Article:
Kyphosis is an exaggerated rounding of the forward curvature of the spine. The condition is most common in older women, but it can occur at any age. Kyphosis is sometimes referred to as a dowager’s hump, hunchback, or humpback.
Definition & Facts
When viewed from the side, the thoracic spine has a normal forward curvature of approximately 20 to 50 degrees. This forward curvature is offset by a reverse curve called lordosis in the cervical spine and lumbar spine. This combination of curvatures allows an individual to stand or sit in an upright position. The kyphotic curve is considered excessive when it exceeds 50 degrees.
There are several different types of kyphosis. Postural kyphosis, as the name implies, is related to poor posture. The thoracic hump will normally be smooth and round. A person can typically correct postural kyphosis by adjusting their sitting or standing position. Congenital kyphosis is the result of a spinal defect that causes it to curve too much. Congenital kyphosis is often associated with heart problems and kidney problems since these organs develop at the same time as the spine.
Scheuermann’s kyphosis is most often seen among adolescents. It occurs when the front of the vertebrae grows slower than the back of the vertebrae. This causes the vertebrae to become wedge-shaped, leading to excessive curvature. Secondary structural kyphosis occurs when another condition weakens the spine to the point of fracturing. The structural defects then cause the spine to curve forward.
Symptoms & Complaints
- A bent or hunched forward appearance, especially when viewed from the side.
- Back pain ranging from mild to severe.
- A decrease in height.
- Problems sitting or standing upright that may worsen throughout the day.
Kyphosis that is unrelated to congenital defects or spinal growth during adolescence can be caused by a number of factors, including:
- Osteoporosis, which is a thinning of the bones often seen in post-menopausal women and people on long-term corticosteroid therapy.
- The intervertebral discs that serve as cushions between the vertebrae can dry out and shrink, which can cause the spine to curve forward.
- Cancer and cancer treatments, such as radiation and chemotherapy, can make the spine more susceptible to compression fractures, which can worsen kyphosis.
- Children with Marfan syndrome or Prader-Willi syndrome are more likely to develop kyphosis.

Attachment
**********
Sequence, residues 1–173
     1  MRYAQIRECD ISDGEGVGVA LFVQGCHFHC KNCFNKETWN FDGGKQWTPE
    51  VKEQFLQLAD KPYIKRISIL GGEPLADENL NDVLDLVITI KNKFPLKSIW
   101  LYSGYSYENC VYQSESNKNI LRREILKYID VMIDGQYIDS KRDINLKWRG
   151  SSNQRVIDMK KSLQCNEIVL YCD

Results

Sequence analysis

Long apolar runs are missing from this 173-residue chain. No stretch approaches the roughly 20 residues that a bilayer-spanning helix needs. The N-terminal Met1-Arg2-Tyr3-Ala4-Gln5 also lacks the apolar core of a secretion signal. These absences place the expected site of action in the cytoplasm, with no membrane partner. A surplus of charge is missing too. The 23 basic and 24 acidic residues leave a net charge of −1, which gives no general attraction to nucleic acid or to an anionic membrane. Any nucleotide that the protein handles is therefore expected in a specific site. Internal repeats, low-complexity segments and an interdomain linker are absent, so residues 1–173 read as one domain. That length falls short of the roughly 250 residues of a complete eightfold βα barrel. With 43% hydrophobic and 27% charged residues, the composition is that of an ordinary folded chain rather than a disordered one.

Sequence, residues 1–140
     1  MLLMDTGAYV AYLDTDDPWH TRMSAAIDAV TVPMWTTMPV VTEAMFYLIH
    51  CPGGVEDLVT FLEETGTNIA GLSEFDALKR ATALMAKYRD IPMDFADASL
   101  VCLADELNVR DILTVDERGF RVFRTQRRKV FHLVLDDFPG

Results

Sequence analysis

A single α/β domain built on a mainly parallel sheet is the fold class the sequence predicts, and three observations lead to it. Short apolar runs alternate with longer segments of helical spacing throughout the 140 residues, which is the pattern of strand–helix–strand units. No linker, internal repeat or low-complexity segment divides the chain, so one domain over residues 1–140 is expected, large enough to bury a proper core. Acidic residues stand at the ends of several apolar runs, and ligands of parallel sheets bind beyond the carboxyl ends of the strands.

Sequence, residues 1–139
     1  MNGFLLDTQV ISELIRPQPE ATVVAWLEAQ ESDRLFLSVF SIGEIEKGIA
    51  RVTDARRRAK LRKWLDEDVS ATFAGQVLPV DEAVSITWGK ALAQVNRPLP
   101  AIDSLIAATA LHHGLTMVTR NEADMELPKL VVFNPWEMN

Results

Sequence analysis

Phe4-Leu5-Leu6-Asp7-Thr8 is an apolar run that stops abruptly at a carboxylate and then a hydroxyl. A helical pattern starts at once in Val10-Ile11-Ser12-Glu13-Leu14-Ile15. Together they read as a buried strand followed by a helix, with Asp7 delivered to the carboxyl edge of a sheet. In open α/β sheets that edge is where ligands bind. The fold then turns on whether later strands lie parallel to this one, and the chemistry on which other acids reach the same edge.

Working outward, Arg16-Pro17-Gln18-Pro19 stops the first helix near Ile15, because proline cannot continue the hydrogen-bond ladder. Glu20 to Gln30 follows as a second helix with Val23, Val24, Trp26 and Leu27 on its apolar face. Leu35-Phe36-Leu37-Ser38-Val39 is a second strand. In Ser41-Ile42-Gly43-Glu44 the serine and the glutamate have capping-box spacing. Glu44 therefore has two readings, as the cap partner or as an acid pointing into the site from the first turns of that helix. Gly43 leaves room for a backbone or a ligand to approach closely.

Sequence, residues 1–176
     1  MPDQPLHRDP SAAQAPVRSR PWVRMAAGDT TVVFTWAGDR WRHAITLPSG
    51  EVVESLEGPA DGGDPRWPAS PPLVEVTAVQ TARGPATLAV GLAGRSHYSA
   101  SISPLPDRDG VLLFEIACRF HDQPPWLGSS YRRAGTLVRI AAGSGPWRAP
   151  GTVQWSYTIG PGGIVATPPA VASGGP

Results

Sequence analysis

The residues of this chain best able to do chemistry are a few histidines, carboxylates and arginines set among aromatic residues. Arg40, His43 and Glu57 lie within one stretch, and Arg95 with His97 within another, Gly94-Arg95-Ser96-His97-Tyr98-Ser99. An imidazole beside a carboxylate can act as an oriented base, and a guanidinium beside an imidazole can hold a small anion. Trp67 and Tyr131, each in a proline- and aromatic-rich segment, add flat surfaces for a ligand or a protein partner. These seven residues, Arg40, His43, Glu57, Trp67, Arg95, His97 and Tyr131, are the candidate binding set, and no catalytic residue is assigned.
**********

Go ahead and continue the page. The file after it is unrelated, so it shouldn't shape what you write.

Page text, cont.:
- Nutritional deficiencies, especially vitamin D deficiency, in childhood can lead to kyphosis.
- Kyphosis can occur when the spine is misaligned while healing from a fracture or another type of traumatic injury.
- Children with cerebral palsy, muscular dystrophy, spina bifida, and other neuromuscular diseases often have spinal deformities, including kyphosis.
- Kyphosis can develop as a complication of spinal surgery such as a laminectomy.
Diagnosis & Tests
To diagnose abnormal kyphosis, the doctor will typically start with a physical examination to assess any changes in height and to evaluate spinal curvature. The doctor will evaluate the curve of the spine with the patient standing upright and while the patient is bent forward at the waist since kyphosis is most obvious in this position.
The doctor will also perform a neurological examination to test reflexes, strength, sensation, and flexibility in the arms and legs. Standard X-rays are used to detect spinal deformities and to determine the specific degree of spinal curvature, which can help identify the type of kyphosis.
A CT scan may also be used if a more detailed picture of the spinal structures is required. A CT takes pictures from multiple angles and compiles them to form a cross-sectional image. An MRI may be used to rule out tumors and infections and to determine if there is any compression of the nerves or spinal cord. A MRI uses radio waves in conjunction with a powerful magnet to create detailed pictures of soft tissue and bone.
The doctor may also order nerve conduction tests if a patient is experiencing muscle weakness or numbness in the arms or legs. These tests measure the strength of nerve impulses traveling between the spinal cord and the extremities.
Treatment & Therapy
The treatment of kyphosis depends on the cause as well as the type and severity of the symptoms. Over-the-counter and prescription pain relievers may be used to ease discomfort. Post-menopausal women suffering from kyphosis are often prescribed bone-strengthening drugs, such as bisphosphonates, calcitonin, denosumab, teriparatide, and raloxifene, to slow bone loss and build bone mass.
Exercises that build abdominal strength and increase spinal flexibility can improve postural kyphosis. Back braces can stop the progression of kyphosis in children with Scheuermann’s kyphosis who are still growing. A diet rich in calcium and vitamin D can strengthen bones and prevent compression fractures that can cause kyphosis. A healthy lifestyle that includes maintaining a healthy body weight can help alleviate kyphosis-related back pain symptoms.
Severe curvatures which compress the spinal cord or nerve roots typically require surgery. The most common surgery for kyphosis is a spinal fusion. This procedure involves inserting a small piece of bone between the affected vertebrae and then connecting them together using metal rods and screws until they heal together in the desired position. Congenital kyphosis typically requires surgery while the child is quite young to keep the condition from progressing.
Prevention & Prophylaxis
Postural kyphosis can be corrected through physical therapy and exercises to strengthen back muscles and abdominal muscles. Post-menopausal women should talk to their doctor about getting periodic bone density tests to detect early bone loss. Weight-bearing exercise and medications can often reverse or prevent osteoporosis-related bone loss and subsequent kyphosis.